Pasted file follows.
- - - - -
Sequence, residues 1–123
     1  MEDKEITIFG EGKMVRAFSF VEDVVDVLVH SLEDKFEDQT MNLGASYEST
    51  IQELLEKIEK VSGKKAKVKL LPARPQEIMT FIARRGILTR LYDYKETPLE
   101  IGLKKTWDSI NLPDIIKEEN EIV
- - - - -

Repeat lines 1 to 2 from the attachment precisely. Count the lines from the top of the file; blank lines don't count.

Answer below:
Sequence, residues 1–123
     1  MEDKEITIFG EGKMVRAFSF VEDVVDVLVH SLEDKFEDQT MNLGASYEST